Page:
Transcript from the "Tuples" Lesson
>> Nina Zakharenko: Tuples are a lightweight collection that are generally used to keep track of related but different items. And again, that's just how they're used in practice, but you're free to do whatever you want, Python's not gonna stop you.
>> Nina Zakharenko: While lists are mutable, right, we were able to I add, remove items from them, changed the values.
[00:00:26] Tuples are immutable, that means that once a tuple has been created, the items in it can't change. Okay, and you might ask, okay, we just learned about lists, they are awesome, why do we need tuple that sounds complicated?
>> Nina Zakharenko: Tuples are useful for things like containing a snapshot of data, so let's say you wanna represent a spreadsheet in your code, a tuple might represent each row in the spreadsheet, right?
[00:01:00] So your spreadsheet has different columns, and each position in the tuple relates to a value in a different column. And these tuples can't continually be changed, they can't be added to or removed from like you would do with a list, which also provides you a little bit of added security with your data, right?
[00:01:21] You generally know that the tuple is gonna look the same when you access it later on, so looking at tuples in practice.
>> Nina Zakharenko: To make empty and one-item tuples,
>> Nina Zakharenko: You use parentheses, just empty parentheses, the type(a| we'll see is a class tuple.
>> Nina Zakharenko: There's something kind of tricky here, all right?
[00:02:02] If the square brackets are associated with the list, you might think that the parentheses are associated with tuples, right? We use two empty parentheses, and we end up with an empty tuple, but pay attention, things get tricky when we try to make a tuple that just has one item in it.
>> Nina Zakharenko: Let's say I try to make this tuple b, if I check the type(b|, we'll see that the class is actually int, okay, what happened there? So tuples are not just parentheses, tuples are about commas, they're kind of the combination of,
>> Nina Zakharenko: Optional parentheses, but the comma is the important part.
[00:02:57] So knowing that,
>> Nina Zakharenko: How would I make my one item tuple be a tuple?
>> Class: Add a comma.
>> Nina Zakharenko: Add a comma, and where would the comma go?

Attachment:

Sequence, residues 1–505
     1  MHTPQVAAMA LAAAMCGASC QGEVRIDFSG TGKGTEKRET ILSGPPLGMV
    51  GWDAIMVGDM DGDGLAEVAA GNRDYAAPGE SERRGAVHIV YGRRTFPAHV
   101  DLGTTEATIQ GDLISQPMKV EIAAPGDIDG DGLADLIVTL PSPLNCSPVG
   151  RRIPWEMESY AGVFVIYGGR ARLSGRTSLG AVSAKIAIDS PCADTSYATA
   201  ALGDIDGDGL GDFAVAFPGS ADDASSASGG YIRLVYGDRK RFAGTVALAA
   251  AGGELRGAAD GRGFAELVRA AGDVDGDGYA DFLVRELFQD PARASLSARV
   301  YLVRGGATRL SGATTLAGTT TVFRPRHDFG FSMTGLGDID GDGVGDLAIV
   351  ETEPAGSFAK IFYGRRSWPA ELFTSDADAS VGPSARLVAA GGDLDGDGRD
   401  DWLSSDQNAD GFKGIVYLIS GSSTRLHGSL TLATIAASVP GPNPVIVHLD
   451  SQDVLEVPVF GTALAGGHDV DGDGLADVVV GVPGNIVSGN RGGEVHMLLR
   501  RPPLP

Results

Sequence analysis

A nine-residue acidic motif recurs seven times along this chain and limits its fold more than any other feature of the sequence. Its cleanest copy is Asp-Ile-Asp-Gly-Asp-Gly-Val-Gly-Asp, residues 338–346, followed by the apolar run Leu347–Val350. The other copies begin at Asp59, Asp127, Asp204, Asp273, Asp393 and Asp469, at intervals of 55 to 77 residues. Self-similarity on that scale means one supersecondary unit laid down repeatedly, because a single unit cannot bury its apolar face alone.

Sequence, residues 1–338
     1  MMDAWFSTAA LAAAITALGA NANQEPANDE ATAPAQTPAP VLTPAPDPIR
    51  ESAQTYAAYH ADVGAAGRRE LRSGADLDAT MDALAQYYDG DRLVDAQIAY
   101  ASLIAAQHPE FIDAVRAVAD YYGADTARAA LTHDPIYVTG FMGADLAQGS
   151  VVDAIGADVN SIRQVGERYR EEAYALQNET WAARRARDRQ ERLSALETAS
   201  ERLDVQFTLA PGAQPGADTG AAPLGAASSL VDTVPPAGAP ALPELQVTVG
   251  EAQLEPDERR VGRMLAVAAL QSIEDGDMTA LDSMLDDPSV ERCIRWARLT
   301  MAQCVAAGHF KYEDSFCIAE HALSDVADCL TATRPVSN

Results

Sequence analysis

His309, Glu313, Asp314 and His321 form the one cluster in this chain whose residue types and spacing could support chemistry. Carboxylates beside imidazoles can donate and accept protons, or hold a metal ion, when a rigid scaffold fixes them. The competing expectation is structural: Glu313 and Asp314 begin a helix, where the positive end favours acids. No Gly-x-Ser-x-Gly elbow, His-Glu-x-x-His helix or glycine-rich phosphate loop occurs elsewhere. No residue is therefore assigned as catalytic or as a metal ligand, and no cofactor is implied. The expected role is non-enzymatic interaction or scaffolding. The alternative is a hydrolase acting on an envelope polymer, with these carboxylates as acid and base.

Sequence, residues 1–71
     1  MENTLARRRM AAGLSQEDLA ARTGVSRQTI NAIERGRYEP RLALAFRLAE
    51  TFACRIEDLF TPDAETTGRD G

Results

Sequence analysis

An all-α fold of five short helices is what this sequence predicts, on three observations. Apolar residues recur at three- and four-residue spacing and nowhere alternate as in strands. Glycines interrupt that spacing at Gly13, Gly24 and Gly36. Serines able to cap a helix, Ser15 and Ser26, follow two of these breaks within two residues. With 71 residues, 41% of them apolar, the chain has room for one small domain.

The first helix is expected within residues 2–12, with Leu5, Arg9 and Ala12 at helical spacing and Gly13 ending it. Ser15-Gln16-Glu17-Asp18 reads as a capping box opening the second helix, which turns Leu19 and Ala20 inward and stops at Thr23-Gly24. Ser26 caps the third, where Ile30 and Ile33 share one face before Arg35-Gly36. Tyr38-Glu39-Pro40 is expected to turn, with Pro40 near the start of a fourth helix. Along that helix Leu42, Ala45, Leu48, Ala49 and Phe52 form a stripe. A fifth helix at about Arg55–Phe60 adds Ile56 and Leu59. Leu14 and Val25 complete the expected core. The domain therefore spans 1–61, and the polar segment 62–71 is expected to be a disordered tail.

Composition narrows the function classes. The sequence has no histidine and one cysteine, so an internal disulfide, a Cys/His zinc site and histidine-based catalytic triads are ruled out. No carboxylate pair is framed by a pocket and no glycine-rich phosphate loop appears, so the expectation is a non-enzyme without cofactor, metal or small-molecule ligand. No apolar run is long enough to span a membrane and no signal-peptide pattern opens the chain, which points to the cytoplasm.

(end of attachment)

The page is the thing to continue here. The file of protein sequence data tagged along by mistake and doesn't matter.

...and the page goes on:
>> Class: After the 1.
>> Nina Zakharenko: After the 1, if I check the type (c| now, it's a tuple.
>> Nina Zakharenko: Unfortunately, doing this is a syntax error in Python, right, just doesn't make sense.
[00:03:32] So that's why we have the two empty parentheses being the empty tuple, but the comma here being what makes a one item tuple. And now that I have my comma, I can make tuples that are as long as I want. Let's say we have a spreadsheet of students, and we'd like to represent each row in the spreadsheet with a tuple.
[00:03:56] We can say student is opening parentheses, and let's say her students name is Marcy, and she's 8, and her favorite subject is history, and her GPA is 3.5. Just like with a list, I can go through and access the items in my tuple by index, so what year will student|0| return?
>> Class: Marcy.
>> Nina Zakharenko: Marcy, right, and student |1|.
>> Class: 8.
>> Nina Zakharenko: 8, right, okay, I told you that tuples are immutable, so what if I try to change the value in my tuple, what will I see?
>> Student: TypeError, object does not supported-
>> Nina Zakharenko: TypeError, tuple object does not support item assignment, makes sense, right, it's immutable.
>> Nina Zakharenko: And because of that, do you think tuples have an append or extend method, or pop method?
>> Class: No.
>> Nina Zakharenko: No, right, they don't, you can't change them. All right, so all of this sounds like a lot of work without a lot of benefit, right, kind of already have lists, why do we need this new data structure?
[00:05:14] Well, not so, tuples are actually really great when you depend on your data staying unchanged. And because of this guarantee, you can use tuples in other types of containers where the container needs a key that is immutable. Like a dictionary key needs to be immutable, you can use a tuple, as long as the tuple contains all immutable data.
[00:05:41] So we'll talk about that a little bit later, but that's an important distinction, you can not use a mutable data type that can be changed, added to, as a key in data structure like a dictionary, you will just get an error.